BRAD GILMER /
04.01.2012
Originally featured on BroadcastEngineering.com
Monitoring IP networks
Today's IP environments enable a wide range of automated testing.

IP networks have become a mission-critical part of just about every broadcaster's facility. Broadcasters need to monitor these networks with the same critical eye they use to monitor the rest of their video facility. This month, I will provide a high-level introduction into the topic of IP network monitoring.

Why monitor

Before jumping in, it might be good to look at some reasons a broadcaster might choose to monitor its IP networks. Those reasons include: establishing a baseline performance; detecting, isolating and addressing problems; identifying issues before failures occur; identifying failures that have already occurred; and, checking new IT components through acceptance testing and system commissioning. Let's look at each of these in turn:

  • Establish baseline performance: One reason to monitor your IP networks is to establish baseline performance. Establishing a baseline lets you look back later to see how things behaved when the network was operating normally.
  • Detect, isolate and address problems: When a network fails, you will be under pressure to get the network up and running as fast as possible. If you have already established a network monitoring strategy, you will be in a great position to quickly and efficiently identify the problem source and get things back up and running quickly.
  • Identify issues before failures occur: You might think IP networks are an all-or-nothing infrastructure. Either the network works properly, or it fails dramatically. This is because users typically experience the network in this way. But, if you are monitoring the correct parameters, you can identify some problems before the network goes down. In my opinion, it is much more valuable to your company to be proactive rather than reactive and only fix problems after they have occurred.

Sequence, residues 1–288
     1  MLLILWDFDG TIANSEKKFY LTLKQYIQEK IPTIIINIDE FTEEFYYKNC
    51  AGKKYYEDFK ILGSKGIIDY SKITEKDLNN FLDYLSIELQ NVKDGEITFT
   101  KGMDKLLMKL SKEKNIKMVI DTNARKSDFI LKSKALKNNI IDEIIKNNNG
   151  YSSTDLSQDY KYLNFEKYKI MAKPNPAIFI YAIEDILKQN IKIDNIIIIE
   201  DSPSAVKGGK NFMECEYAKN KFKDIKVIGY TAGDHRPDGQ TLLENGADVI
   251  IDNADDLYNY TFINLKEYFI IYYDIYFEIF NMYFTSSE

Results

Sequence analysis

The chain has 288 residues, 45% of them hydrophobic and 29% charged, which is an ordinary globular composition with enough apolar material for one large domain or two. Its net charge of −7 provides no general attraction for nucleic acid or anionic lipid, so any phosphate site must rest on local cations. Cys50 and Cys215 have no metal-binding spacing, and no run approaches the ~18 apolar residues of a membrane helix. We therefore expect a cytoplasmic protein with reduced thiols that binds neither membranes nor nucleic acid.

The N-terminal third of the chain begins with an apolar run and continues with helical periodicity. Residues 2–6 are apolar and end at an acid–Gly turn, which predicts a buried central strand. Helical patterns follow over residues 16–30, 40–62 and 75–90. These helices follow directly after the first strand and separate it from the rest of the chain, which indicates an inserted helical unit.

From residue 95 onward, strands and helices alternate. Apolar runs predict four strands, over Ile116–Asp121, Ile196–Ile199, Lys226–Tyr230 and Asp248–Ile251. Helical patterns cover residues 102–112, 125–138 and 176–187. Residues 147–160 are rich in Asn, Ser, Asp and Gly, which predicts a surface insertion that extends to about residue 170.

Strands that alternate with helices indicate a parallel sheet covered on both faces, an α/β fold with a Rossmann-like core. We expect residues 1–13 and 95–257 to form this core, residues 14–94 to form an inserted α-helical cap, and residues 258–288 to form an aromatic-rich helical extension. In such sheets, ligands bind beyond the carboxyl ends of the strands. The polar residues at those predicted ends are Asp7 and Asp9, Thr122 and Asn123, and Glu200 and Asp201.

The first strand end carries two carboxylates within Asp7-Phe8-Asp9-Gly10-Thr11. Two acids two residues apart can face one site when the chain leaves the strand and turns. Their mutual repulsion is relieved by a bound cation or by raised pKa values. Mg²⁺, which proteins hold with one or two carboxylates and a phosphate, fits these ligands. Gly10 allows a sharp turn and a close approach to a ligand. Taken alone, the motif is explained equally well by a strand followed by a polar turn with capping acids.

• Identify that failures have already occurred: Interestingly, depending upon your network topology, it is possible to have a network failure and not know it. In fact, IP networking technology was developed by the U.S. Department of Defense to deal with the “smoking hole” scenario. It wanted a network that would keep operating, even in the face of a nuclear attack. Since IP traffic can re-route automatically in the case of a failure, how will you know that a component has failed in the core network? This can happen only by being aggressive about monitoring system alarms and looking at system logs.
  • Acceptance testing and system commissioning — When we purchase a new piece of video gear, we usually check it out before we put it on-air. We may monitor the new equipment's behavior for awhile to ensure it is operating as advertised. Why would we not do the same thing with new IT infrastructure components?

How to monitor

Once you have decided that monitoring your IP network is important, and you have determined why monitoring is critical, the next obvious step is determining how to monitor your network. The easiest way to get started is to use monitoring capabilities you already have in your facility. Here are a few things to consider: router statistics, switch statistics, server statistics and workstation performance graphs. Again, let's take a look at each of these individually:

  • Router statistics: Just about any router will provide you with overall bandwidth usage statistics. Many will also give you information on specific traffic types. Routers that connect your facility to the Internet will give you valuable information about the amount of traffic crossing your corporate boundary. Look for unusual activity or high-usage statistics. Some routing systems will allow you to view statistics over time. Do you see spikes of activity at unusual times of the day or heavy usage on weekends that cannot be readily explained? Since routers direct traffic between networks, do you see an unusual pattern of traffic from one network to the other that cannot be explained?
  • Switch statistics: Routers provide important information at network boundaries, but they may not give you the information you need when it comes down to a specific device that may be causing trouble. Consumer-grade switches typically do not provide a lot of information. However, commercial-grade switches can provide excellent information that exists at the port level. They can provide detailed information on just how much and what sort of traffic is going to a particular computer. This can be very helpful when you are trying to isolate a particular problem. Note that you should look at managed switches, and you should check to see what sort of statistics are available; features vary depending upon manufacturer and model. (A note about switch statistics — in many cases, statistics are only available in real time.)